Here on Stage 9, I also got the opportunity to chat with a crew of volunteers, whose tireless efforts helped make this year’s World Shooting Championships possible. Exhausted after almost a full week of hard labor, but clearly enjoying themselves, the 4-person crew remarked affably on the camaraderie and fun afforded by the shooting sports, and the shooting sports community. Despite hailing from a variety of states: New Jersey, Pennsylvania and Virginia, they all found commonality partaking in one of their favorite hobbies. We hope to see them back next year!
Stage 10, put on by Mossberg and Rio Ammunition, with Crazy Quail supplying the throwers, offered competitors the chance to shoot 6-Stand Sporting Clays. Watching bullseye masters, tactical titans and wingshooters alike try to knock the tiny spinning discs out of the air provided yet another big win for spectators, who were still only having half as much fun as those on the firing line. The course of fire consisted of a report pair of clays, followed by a true pairs of clays, after which all competitors would move up a station, until they had worked their way through all six. According to Crazy Quail founder Barry Bourdage, this stage was all about strategy. Shoot the right clay first, and your muzzle would not have to track very far to nab the second one. Shoot the wrong initial clay, and you were in for quite a swing. To make things even more difficult, the Mossberg International Silver Reserve II Super Sport Over Unders were choked to modified and full, and had no recoil pads. You could definitely see the tinge of pain in some shoulders by the end of the stage.
Stage 11 stuck with the scattergun theme, though this time competitors were shooting Trap Sporting Clays. There were again six stations, with competitors shooting a report and true pair from each, using the same shotguns as before. Well known-gunwriter (and SSUSA author), Dick Jones, was kind enough to give me a quote here, in which he imparted some wisdom regarding the stage. Mr. Jones relayed, “Its all about adaptability, because no one would ever choose to use a modified and a full choke. You just have to make the best of it.” Let me tell you, make the best out of it he did, as did his grandson Charlie, even though the latter reported that the shotguns “kicked like mules.”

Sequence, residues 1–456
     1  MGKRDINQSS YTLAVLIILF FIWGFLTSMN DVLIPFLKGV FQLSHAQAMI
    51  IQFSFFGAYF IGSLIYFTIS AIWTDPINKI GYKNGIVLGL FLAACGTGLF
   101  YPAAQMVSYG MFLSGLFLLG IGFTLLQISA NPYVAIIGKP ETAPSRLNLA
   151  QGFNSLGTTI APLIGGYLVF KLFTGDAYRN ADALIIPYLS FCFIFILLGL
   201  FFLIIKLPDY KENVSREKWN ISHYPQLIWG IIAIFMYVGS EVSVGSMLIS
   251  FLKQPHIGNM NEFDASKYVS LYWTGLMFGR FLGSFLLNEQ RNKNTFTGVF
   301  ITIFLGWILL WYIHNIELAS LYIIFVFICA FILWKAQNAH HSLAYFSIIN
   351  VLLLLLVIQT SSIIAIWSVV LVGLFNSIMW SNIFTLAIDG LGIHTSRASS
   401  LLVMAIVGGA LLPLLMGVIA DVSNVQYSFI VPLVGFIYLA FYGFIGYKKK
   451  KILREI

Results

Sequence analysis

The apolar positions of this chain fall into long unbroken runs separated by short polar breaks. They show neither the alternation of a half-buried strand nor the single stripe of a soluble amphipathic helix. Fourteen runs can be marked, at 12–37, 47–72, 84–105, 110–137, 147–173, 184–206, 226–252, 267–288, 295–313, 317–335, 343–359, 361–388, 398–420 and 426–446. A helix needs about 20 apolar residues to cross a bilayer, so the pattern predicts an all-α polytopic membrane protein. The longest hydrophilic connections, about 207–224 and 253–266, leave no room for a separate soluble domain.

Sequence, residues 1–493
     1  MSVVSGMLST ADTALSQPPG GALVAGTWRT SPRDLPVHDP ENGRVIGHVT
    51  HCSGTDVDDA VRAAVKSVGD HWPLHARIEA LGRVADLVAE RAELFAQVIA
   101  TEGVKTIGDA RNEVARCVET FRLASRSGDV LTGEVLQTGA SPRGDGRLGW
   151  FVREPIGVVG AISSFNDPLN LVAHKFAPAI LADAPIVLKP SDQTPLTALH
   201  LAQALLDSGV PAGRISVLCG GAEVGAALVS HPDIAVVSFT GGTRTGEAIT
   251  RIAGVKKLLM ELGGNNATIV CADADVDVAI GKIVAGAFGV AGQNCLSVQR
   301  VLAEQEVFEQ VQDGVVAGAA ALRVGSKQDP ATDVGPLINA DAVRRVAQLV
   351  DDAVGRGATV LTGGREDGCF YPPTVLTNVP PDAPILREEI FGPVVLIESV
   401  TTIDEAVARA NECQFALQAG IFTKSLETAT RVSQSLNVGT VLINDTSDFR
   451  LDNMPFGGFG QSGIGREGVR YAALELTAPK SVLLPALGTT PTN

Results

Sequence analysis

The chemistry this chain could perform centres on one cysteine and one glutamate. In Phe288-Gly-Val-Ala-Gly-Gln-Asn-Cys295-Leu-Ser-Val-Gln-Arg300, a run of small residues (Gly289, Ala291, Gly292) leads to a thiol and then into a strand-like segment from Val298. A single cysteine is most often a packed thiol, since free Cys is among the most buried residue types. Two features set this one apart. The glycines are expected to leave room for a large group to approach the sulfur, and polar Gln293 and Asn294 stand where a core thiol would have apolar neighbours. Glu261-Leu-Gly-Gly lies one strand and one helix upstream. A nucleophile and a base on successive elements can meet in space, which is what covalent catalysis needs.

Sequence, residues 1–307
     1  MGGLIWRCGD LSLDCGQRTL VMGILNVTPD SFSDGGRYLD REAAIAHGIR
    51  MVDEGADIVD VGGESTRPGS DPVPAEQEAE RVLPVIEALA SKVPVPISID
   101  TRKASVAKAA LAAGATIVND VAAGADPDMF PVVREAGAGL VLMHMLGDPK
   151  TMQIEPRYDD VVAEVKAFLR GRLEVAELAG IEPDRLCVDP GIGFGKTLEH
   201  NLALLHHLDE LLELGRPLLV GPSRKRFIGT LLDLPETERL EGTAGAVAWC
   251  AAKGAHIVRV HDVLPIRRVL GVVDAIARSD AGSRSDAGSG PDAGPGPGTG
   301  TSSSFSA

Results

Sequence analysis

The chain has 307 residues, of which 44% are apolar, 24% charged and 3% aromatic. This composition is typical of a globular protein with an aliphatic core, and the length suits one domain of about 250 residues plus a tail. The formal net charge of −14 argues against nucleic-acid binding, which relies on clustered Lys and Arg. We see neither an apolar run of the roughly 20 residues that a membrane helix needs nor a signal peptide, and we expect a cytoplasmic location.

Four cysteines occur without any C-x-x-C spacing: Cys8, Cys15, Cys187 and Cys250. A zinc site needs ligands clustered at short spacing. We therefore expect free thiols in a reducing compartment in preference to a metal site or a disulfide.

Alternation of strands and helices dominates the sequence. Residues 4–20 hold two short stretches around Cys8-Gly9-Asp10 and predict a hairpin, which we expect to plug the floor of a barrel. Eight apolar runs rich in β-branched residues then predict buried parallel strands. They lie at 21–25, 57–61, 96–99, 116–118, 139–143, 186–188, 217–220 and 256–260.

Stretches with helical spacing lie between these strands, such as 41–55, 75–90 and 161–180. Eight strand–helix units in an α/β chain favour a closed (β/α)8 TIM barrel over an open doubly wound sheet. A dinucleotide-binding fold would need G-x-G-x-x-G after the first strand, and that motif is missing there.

Last but not least, we come to Stage 12. New to the WSC this year, Stage 12 provided a unique challenge, in the form of a warm-weather Biathlon. Competitors started about 40 feet away from the firing line, then at the buzzer had to hoist two ammo cans and walk (or run, there was a 180 second time limit, after all) about 30 feet, drop the cans in a designated zone, then approach the line of fire. The targets were falling steel, targeted with Magnum Research MLR22ATs, equipped with Bushnell CQTS 2.0 Elite Tactical optics, and firing CQI .22 LR Standard Velocity ammunition. Competitors had 10 shots to clean five, 4-inch plates standing, and 10 shots to clean five, 2-inch plates while prone. Every missed shot incurred a 30-second penalty. Talk about difficult! I only saw one person clean the whole thing while I was there, (though one other gentleman did come close with nine hits).
Though I’d love to say that what precedes is a total, in-depth description of the 2018 WSC (sans two stages), the reality is there was much, much more I simply don’t have the space to report here. From five exciting side matches, to the spirit of camaraderie evident between all competitors, to the revelry at the awards ceremony and banquet the final night (a BBQ dinner with delicious food provided by the NRA, by the way), the 2018 NRA World Shooting Championships really set itself in a class of its own. Make sure you don’t miss it next year, and join us at the 2019 NRA World Shooting Championship to take part in all the fun yourself.